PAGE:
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An Autobiography

Lovers And Friends
It is always supposed that thoughts of love and marriage are the chief concerns in a girl's
life, but it was not the case with me. I had only two offers of marriage in my life, and I
refused both. The first might have been accepted if it had not been for the Calvinistic
creed that made me shrink from the possibility of bringing children into the world with so
little chance of eternal salvation, so I said. "No" to a very clever young man, with whom I
had argued on many points, and with whom, if I had married him, I should have argued
till one of us died! I was 17, and had just begun to earn money. I told him why I had
refused him, and that it was final. In six weeks he was engaged to another woman. My
second offer was made to me when I was 23 by a man aged 55, with three children. He
was an artist, whose second wife and several children had been murdered by the Maoris
near Wanganui during the Maori insurrection of the forties, and he had come to Adelaide
with the three survivors. The massacre of that family was only one of the terrible
tragedies of that time, but it was not the less shocking. The Maoris had never been known
to kill a woman, and when the house was attacked, Mr. Gilfillan got out of a back
window to call the soldiers to their help. Though struck on the back of the head and the
neck and scarred for life--owing to which he was always compelled to wear his hair long-
-he succeeded in his mission. His wife put her own two children through the window, and
they toddled off hand in hand until they met their father returning with the soldiers. The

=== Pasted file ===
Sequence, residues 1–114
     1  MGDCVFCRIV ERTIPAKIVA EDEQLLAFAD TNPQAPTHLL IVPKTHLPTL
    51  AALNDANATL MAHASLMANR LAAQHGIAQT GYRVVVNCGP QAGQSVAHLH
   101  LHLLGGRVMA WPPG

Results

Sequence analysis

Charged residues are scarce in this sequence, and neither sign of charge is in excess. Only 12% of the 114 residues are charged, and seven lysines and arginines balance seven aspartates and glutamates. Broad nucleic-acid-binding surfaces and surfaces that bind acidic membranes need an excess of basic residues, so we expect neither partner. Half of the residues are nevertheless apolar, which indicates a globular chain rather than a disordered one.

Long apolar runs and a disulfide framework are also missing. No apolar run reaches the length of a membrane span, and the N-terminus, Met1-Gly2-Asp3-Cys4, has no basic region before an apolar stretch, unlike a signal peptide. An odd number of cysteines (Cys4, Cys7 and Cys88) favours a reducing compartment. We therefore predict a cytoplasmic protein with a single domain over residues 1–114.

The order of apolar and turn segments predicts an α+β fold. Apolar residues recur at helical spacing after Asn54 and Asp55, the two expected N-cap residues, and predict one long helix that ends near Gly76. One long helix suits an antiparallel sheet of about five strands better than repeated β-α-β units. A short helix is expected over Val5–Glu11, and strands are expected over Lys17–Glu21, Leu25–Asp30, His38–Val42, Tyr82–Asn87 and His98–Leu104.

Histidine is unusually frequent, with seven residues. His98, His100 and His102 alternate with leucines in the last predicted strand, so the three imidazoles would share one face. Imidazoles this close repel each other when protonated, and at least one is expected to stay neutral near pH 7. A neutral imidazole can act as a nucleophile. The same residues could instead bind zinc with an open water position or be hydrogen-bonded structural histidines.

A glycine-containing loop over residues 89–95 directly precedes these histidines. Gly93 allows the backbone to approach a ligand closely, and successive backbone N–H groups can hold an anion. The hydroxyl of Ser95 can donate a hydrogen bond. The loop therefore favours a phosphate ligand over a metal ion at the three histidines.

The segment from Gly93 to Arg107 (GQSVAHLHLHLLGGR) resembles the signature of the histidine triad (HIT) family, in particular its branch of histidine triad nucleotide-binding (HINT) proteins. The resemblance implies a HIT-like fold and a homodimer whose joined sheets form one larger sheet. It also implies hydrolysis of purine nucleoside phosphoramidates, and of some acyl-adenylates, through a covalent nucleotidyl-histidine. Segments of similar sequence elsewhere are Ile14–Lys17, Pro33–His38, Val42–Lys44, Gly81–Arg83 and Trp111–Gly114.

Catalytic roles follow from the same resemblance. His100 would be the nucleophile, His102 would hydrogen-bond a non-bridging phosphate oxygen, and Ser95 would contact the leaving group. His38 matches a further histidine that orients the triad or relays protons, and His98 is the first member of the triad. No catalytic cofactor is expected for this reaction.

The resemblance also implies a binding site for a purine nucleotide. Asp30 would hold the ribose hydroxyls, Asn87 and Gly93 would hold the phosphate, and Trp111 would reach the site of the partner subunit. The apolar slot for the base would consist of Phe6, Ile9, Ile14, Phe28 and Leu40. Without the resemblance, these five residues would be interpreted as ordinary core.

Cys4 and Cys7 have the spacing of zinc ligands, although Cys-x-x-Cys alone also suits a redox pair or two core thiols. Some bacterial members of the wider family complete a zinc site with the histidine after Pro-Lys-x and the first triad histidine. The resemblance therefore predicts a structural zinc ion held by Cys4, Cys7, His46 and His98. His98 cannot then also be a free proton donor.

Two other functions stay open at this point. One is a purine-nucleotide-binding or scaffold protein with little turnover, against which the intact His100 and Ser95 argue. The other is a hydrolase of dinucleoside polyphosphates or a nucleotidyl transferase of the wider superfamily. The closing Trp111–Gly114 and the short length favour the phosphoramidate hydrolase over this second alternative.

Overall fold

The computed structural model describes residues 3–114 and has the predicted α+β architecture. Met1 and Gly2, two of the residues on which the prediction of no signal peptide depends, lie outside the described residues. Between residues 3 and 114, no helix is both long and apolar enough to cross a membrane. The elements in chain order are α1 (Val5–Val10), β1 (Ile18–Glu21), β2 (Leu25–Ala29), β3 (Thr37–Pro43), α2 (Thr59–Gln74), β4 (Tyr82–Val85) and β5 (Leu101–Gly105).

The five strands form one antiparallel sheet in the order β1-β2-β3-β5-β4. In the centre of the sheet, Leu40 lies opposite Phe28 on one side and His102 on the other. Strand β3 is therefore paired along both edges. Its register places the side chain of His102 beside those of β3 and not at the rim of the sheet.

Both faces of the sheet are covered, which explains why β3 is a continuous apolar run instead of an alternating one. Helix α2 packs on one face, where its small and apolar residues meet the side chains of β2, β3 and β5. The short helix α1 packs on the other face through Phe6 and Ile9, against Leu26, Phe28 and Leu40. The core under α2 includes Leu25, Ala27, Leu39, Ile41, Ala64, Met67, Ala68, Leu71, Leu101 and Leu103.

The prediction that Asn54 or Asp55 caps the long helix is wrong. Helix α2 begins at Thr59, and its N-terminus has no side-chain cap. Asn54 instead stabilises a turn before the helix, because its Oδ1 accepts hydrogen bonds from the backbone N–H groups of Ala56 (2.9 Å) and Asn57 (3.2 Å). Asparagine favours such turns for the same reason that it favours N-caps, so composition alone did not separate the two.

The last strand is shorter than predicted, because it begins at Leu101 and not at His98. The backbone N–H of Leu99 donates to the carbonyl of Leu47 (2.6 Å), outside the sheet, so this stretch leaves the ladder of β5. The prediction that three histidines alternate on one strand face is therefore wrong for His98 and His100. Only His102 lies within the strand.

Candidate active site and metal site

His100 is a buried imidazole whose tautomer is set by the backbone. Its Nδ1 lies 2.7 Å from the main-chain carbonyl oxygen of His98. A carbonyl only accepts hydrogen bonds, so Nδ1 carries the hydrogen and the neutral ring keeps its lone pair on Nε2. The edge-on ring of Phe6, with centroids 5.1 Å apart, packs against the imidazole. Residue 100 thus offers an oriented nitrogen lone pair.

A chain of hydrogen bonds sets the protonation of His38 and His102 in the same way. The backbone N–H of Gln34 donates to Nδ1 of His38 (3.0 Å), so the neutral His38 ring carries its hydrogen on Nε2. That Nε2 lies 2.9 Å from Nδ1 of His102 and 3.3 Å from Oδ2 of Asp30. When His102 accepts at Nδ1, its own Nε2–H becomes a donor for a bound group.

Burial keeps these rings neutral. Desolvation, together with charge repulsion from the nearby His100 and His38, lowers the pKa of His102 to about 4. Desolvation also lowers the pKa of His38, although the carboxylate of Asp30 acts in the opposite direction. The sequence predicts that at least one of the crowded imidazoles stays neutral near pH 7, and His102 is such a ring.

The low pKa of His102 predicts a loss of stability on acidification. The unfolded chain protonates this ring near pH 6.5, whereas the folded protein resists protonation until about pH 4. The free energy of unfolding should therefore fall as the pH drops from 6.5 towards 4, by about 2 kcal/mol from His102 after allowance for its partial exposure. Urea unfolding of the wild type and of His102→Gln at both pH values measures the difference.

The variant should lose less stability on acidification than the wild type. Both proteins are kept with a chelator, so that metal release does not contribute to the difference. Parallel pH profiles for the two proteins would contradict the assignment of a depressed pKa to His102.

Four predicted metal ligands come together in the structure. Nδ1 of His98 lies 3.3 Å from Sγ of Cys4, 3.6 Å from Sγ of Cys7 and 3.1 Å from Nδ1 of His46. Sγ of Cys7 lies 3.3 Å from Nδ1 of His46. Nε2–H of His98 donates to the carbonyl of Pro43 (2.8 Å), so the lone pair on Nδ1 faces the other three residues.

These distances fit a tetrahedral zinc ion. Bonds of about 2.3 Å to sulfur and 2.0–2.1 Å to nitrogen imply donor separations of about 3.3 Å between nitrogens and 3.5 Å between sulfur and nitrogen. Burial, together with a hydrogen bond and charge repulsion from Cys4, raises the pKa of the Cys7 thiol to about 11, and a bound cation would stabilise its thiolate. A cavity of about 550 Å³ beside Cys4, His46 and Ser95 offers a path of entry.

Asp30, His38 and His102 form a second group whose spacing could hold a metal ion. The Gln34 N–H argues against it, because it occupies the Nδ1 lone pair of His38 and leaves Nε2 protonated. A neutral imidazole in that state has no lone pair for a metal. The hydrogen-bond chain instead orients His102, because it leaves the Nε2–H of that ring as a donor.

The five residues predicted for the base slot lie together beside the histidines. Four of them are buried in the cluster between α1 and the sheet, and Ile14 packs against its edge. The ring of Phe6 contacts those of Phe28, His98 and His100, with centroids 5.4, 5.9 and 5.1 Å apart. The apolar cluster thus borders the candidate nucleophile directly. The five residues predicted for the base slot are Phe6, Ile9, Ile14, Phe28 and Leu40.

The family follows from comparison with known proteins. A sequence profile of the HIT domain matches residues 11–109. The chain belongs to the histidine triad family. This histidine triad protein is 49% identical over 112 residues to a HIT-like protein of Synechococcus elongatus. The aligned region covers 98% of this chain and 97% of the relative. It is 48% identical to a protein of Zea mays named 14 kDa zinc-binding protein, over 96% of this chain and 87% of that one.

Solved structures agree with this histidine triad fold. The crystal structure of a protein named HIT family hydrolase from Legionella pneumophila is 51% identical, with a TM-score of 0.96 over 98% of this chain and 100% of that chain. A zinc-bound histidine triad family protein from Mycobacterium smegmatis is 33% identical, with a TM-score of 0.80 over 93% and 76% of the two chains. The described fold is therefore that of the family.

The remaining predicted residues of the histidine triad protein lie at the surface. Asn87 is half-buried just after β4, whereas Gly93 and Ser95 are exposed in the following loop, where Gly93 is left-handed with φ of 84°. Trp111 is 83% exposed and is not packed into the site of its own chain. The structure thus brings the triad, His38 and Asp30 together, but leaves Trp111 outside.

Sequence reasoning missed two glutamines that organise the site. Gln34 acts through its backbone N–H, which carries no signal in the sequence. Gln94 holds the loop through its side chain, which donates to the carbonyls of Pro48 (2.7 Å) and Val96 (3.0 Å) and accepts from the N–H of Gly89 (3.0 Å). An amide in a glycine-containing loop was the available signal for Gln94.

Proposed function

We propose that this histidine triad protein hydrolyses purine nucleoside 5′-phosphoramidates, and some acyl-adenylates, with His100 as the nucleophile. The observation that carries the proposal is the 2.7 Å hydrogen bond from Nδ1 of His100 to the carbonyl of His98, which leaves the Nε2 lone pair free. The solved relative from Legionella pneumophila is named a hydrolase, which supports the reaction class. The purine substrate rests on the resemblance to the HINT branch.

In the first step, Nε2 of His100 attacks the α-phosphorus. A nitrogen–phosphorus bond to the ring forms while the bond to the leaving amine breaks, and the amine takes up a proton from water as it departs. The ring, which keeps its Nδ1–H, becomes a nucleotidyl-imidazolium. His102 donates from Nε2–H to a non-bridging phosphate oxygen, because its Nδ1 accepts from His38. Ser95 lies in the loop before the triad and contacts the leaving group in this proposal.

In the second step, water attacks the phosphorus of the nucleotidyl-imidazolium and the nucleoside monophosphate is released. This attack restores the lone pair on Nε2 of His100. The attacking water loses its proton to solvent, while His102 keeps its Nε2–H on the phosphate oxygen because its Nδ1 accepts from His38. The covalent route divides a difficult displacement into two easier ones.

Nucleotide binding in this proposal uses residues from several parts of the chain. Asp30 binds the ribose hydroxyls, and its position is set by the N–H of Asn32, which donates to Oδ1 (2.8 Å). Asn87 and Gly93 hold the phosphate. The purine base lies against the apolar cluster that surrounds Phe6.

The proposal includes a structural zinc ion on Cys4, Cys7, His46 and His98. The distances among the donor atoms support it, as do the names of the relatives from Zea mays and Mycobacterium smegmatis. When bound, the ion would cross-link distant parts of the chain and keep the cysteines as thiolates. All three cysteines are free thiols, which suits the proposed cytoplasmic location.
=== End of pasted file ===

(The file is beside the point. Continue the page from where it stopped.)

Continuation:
eldest daughter, a girl of 13, escaped with a neighbour's child, a baby in arms. She was
seen by the Maoris, struck on the forehead with a stone axe, and left unconscious. The
crying of the baby roused her, and she went to the cowyard and milked a cow to get milk
for the hungry child, and there she was found by the soldiers. She was queer in her ways
and thoughts afterwards, and, it was said, always remained 13 years old. She died in
November last, aged 74. Her stepmother and the baby and her own brother and sister
were murdered one by one as they tried to escape by the same window that had led the
rest of the family to safety. One of the toddling survivors still lives in New Zealand.
Now, these are all the chances of marriage I have had in my life. Dickens, in "David
Copperfield," speaks of an old maid who keeps the remembrance of some one who might
have made her an offer, the shadowy Pidger, in her heart until her death. I cannot forget
these two men. I am constantly meeting with the children, grandchildren, and even great-
grandchildren of the first. As for the other, Andrew Murray gave me a fine landscape
painted by John A. Gilfillan as a slight acknowledgment of services rendered to his
newspaper when he left it to go to Melbourne, and it hangs up in my sitting room for all
to see. Mr. Gilfillan had a commission to paint "The Landing of Capt. Cook" with the
help of Portraits and miniatures of the principal personages, and some sketches of his of
Adelaide in 1849 are in the Adelaide Art Gallery. If the number of lovers has been few,
no woman in Australia has been richer in friends. This narrative will show what good
friends--men as well as women--have helped me and sympathized in my work and my
aims. I believe that if I had been in love, especially if I had been disappointed in love, my
novels would have been stronger and more interesting; but I kept a watch over myself,
which I felt I knew I needed, for I was both imaginative and affectionate. I did not want
to give my heart away. I did not desire a love disappointment, even for the sake of
experience. I was 30 years old before the dark veil of religious despondency was
completely lifted from my soul, and by that time I felt myself booked for a single life.
 
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